Towards continuing upwards training
As such, military service remains oriented towards continuing upwards training. This in turn means that the basic training phase covers basic soldiers’ skills, whereas the NCO training continues with section leaders’ skills, and the Reserve Officer Course advances skills in platoon leading to then allow for all platoon leaders getting practice in their respective wartime tasks with their assigned wartime platoons during the remaining fourteen-week training period in military training exercises and at given garrisons.
Following the conscript service part of the military service, the operational forces remain utilisable in case of a crisis for the purpose of decisive combat in the country’s entire area, which means sustained capability for conducting an offensive mission in difficult conditions, and therefore the operational forces remain equipped with the most optimal materiel. When raising readiness, the peacetime instructor-system that is run by professional soldiers becomes replaced, as the professional soldiers begin executing their respective wartime tasks, while the platoon leaders immediately assume full leading and instructing responsibility for their assigned platoons at troop mobilisation. Carrying out all this asks for capable leaders who sustain capability for instructing and leading as well as developing themselves and their subordinates. The prerequisite for this is that the platoon leaders remain able to receive and handle feedback.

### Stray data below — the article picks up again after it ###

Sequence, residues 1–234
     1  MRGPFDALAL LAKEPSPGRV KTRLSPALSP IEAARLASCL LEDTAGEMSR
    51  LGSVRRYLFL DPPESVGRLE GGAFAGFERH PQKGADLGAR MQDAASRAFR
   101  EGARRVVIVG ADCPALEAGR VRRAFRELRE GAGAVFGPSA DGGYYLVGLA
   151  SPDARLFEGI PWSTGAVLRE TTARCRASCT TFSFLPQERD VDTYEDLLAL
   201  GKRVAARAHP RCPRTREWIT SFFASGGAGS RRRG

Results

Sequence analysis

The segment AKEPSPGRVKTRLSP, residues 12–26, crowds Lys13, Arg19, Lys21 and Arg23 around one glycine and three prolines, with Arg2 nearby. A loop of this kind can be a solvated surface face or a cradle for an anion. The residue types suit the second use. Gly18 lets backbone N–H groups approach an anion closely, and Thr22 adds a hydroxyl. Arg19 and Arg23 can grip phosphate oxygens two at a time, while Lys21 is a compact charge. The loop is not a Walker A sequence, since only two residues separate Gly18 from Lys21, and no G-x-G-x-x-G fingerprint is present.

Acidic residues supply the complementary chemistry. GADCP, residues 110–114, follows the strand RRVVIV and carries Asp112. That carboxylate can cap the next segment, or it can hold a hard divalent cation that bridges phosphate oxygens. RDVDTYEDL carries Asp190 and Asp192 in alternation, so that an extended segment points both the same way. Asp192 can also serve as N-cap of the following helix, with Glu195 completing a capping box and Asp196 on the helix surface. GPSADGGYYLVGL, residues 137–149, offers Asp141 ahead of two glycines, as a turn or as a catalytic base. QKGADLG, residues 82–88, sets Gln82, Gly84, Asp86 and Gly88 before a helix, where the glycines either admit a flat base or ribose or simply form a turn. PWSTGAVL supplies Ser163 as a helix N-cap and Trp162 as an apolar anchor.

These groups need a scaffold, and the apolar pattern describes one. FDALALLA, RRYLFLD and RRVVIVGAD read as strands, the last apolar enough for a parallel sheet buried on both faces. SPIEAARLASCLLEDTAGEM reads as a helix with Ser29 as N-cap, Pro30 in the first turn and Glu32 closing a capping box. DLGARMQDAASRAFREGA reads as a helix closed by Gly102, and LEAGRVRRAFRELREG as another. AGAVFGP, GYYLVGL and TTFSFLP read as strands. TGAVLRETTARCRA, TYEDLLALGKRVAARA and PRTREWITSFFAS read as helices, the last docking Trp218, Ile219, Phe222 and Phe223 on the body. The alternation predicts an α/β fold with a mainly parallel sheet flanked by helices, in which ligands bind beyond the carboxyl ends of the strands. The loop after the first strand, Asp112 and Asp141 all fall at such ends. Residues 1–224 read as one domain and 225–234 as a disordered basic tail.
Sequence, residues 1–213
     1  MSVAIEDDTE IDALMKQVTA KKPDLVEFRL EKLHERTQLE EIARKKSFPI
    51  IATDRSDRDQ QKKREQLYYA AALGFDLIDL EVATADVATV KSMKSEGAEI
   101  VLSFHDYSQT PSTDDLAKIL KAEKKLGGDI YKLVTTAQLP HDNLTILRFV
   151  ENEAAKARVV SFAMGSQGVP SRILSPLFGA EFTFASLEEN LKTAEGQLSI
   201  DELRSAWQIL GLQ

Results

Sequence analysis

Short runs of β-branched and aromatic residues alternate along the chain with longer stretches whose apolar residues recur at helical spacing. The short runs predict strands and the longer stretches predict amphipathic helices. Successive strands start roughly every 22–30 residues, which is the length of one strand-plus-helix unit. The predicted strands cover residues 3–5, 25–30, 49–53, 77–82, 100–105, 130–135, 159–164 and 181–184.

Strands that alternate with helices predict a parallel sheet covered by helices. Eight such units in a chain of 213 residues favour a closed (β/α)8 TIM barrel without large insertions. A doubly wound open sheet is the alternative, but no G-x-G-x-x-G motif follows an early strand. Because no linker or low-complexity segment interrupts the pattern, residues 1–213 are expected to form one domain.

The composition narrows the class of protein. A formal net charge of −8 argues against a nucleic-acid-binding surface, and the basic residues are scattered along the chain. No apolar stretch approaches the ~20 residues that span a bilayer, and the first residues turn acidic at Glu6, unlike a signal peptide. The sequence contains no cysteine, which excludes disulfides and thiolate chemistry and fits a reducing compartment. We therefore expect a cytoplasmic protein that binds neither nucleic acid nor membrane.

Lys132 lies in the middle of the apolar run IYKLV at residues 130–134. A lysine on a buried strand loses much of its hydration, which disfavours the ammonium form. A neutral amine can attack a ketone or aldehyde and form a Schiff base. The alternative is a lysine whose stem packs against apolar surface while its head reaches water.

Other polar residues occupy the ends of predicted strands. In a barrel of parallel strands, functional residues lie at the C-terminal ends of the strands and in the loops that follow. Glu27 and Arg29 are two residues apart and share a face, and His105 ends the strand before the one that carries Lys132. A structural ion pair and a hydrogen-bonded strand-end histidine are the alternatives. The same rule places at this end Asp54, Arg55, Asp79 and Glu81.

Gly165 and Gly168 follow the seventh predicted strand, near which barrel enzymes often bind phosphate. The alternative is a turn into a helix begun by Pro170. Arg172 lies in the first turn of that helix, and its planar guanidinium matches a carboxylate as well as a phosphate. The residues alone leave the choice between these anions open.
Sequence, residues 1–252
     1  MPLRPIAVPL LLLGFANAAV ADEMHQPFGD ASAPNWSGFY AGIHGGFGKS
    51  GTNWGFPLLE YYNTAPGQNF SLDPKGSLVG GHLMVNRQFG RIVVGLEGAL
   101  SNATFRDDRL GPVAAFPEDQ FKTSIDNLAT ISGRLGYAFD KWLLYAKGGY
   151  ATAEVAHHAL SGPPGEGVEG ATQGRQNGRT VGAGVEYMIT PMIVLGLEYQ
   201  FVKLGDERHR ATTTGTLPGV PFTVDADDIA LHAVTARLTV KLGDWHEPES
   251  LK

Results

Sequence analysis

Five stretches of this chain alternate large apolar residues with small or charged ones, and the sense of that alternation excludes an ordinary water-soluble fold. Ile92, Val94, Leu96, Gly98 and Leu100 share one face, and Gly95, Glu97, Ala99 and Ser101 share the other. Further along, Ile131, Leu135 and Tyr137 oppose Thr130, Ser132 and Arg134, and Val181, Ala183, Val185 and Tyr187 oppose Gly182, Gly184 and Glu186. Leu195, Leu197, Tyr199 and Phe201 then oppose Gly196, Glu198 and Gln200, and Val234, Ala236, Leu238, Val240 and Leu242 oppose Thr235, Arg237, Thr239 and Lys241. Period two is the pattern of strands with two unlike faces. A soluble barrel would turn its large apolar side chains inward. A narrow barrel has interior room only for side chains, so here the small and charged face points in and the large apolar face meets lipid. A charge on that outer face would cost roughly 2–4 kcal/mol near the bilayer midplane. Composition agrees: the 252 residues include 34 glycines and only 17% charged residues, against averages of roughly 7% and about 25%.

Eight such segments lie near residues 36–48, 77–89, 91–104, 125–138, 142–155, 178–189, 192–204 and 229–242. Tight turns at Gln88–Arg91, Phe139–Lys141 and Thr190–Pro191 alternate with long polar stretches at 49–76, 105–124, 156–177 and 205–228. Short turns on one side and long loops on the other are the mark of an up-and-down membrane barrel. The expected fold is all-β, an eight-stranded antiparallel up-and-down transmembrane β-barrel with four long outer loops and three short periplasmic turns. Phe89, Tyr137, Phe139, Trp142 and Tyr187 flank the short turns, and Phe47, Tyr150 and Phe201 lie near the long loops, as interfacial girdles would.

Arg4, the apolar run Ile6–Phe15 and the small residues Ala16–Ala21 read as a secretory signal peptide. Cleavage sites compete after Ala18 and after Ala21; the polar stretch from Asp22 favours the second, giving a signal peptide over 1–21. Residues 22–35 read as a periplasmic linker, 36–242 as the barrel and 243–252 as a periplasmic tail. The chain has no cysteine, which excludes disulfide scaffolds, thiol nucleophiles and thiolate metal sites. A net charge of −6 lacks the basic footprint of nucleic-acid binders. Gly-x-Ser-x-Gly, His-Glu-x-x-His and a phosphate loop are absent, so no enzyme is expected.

The prerequisite for this is that the platoon leaders remain able to receive and handle feedback.